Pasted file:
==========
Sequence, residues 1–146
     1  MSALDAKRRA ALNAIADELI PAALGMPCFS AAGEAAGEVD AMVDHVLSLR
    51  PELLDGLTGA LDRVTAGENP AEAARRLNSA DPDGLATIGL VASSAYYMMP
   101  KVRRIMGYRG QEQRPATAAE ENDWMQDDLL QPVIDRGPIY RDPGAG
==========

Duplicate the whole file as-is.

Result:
Sequence, residues 1–146
     1  MSALDAKRRA ALNAIADELI PAALGMPCFS AAGEAAGEVD AMVDHVLSLR
    51  PELLDGLTGA LDRVTAGENP AEAARRLNSA DPDGLATIGL VASSAYYMMP
   101  KVRRIMGYRG QEQRPATAAE ENDWMQDDLL QPVIDRGPIY RDPGAG